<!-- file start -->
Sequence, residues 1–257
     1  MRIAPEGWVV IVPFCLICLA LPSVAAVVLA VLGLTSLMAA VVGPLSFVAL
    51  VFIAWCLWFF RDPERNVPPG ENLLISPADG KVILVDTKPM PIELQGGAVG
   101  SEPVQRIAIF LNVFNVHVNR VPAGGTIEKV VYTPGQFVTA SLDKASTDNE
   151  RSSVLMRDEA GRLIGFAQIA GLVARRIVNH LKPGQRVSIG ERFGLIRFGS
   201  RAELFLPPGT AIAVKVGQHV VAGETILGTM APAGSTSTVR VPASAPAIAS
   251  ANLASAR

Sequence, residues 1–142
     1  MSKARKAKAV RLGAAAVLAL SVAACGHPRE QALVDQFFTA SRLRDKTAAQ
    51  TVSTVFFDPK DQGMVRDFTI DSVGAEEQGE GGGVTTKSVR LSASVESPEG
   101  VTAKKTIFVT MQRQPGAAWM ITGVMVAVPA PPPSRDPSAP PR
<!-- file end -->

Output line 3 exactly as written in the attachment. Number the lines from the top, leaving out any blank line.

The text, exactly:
    51  VFIAWCLWFF RDPERNVPPG ENLLISPADG KVILVDTKPM PIELQGGAVG